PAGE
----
Brandon Marshall is an NFL player. He's also diagnosed with borderline personality disorder.

People were a little shocked when NFL All-Pro wide receiver Brandon Marshall shared some tough news.

Wait. This guy??


That's some wide receiving right there.

Well, here's the thing about football players. They *know* tough.

They risk their bodies on the field.

When they get knocked down...

...they get back up.

They fix what's broken. Even when it's something they can't see.

They step up.

And by stepping up and getting help,


they change the game.

That's tough.

Touchdown, Brandon Marshall.

That's Brandon Marshall. Catching a football with one hand — all casual-like— like the gosh darn boss that he is.

As you can see, #15 is straight up done with the stigma around mental health that's keeping good players from being great.

Showing strength, not stigma ... that's what it's all about.

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One little girl took pictures of her school lunches. The Internet responded — and so did the school.

If you listened to traditional news media (and sometimes social media), you'd begin to think the Internet and technology are bad for kids. Or kids are bad for technology. Here's a fascinating alternative idea.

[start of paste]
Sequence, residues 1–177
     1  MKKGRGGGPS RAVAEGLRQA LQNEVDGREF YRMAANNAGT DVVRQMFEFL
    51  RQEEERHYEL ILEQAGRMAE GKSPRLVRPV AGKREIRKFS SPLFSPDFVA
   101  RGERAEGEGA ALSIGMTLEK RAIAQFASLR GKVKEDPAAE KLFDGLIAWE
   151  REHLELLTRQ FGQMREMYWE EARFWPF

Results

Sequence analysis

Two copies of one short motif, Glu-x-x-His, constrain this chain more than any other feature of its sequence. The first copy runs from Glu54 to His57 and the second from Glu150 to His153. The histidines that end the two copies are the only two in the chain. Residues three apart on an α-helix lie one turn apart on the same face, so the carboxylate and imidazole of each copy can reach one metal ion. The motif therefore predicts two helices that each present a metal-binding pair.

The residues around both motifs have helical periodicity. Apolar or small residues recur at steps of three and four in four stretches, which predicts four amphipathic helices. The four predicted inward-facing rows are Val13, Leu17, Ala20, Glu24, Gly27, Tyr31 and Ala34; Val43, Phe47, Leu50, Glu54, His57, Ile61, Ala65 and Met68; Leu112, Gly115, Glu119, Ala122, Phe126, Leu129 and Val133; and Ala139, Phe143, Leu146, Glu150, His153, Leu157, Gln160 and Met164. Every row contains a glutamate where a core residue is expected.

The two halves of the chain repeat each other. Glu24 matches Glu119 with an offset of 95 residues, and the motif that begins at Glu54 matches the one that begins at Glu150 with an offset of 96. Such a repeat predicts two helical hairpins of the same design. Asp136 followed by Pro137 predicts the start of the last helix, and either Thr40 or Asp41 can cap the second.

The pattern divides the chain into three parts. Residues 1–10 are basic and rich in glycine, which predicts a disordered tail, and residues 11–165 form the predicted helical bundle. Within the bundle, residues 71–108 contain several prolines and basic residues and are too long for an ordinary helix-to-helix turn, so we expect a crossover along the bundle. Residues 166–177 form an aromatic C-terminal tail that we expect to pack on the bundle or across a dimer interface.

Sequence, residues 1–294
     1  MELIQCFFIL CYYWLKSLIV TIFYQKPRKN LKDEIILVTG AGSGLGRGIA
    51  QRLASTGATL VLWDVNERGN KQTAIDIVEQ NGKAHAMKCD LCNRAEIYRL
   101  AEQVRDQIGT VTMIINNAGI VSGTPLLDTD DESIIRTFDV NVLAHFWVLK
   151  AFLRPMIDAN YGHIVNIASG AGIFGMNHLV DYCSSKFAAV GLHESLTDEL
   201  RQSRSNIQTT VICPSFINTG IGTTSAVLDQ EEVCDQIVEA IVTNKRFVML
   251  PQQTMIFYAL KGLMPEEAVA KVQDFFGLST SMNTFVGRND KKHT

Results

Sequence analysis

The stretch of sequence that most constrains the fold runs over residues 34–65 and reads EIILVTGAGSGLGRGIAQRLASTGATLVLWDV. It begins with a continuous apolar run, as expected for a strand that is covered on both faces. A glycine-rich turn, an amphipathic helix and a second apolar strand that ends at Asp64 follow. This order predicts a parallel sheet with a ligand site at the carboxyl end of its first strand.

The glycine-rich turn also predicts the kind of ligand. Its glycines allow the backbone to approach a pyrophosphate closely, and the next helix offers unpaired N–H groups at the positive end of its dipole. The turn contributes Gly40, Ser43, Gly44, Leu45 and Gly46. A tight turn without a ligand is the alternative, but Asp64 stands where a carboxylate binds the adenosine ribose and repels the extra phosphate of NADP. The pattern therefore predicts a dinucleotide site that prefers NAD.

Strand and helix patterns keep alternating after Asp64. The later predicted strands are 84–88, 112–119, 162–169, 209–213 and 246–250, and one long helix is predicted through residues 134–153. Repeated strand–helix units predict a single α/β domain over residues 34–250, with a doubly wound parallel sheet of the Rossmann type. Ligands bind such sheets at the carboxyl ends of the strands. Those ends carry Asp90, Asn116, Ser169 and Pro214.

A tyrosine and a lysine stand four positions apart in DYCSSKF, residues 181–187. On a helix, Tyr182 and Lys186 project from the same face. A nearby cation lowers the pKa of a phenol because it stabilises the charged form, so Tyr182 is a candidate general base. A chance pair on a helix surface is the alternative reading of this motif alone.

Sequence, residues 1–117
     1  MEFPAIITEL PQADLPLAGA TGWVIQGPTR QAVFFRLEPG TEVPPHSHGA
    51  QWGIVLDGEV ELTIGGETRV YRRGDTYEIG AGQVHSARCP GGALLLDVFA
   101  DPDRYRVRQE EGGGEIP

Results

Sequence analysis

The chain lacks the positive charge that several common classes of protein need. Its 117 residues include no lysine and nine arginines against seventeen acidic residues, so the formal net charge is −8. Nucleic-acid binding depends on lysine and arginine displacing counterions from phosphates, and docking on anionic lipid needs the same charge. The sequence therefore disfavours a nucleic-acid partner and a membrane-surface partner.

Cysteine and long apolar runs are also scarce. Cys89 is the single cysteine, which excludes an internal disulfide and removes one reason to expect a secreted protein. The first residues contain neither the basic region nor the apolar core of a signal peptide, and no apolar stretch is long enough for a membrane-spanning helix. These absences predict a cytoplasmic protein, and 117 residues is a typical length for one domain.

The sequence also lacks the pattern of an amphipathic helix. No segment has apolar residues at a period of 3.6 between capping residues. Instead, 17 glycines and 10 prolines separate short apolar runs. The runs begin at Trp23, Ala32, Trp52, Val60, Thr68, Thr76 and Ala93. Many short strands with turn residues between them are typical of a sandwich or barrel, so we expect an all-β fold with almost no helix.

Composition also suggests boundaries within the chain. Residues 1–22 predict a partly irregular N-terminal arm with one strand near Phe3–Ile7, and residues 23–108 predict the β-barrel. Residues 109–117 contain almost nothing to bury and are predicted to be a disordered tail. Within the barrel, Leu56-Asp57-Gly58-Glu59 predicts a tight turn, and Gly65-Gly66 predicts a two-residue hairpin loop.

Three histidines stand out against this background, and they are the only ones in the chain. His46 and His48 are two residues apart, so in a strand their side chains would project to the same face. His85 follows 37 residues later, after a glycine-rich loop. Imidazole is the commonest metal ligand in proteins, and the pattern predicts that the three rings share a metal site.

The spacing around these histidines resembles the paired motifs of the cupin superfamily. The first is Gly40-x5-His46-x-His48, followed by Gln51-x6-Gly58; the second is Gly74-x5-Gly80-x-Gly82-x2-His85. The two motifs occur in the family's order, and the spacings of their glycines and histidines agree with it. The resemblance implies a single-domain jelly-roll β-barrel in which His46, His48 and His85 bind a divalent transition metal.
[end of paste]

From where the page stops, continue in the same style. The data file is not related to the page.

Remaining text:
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Norton

This article originally appeared on 03.31.15

Kids can innovate, create, and imagine in ways that are fresh and inspiring — when we "allow" them to do so, anyway. Despite the tendency for parents to freak out because their kids are spending more and more time with technology in schools, and the tendency for schools themselves to set extremely restrictive limits on the usage of such technology, there's a solid argument for letting them be free to imagine and then make it happen.

It's not a stretch to say the kids in this video are on the cutting edge. Some of the results he talks about in the video at the bottom are quite impressive.

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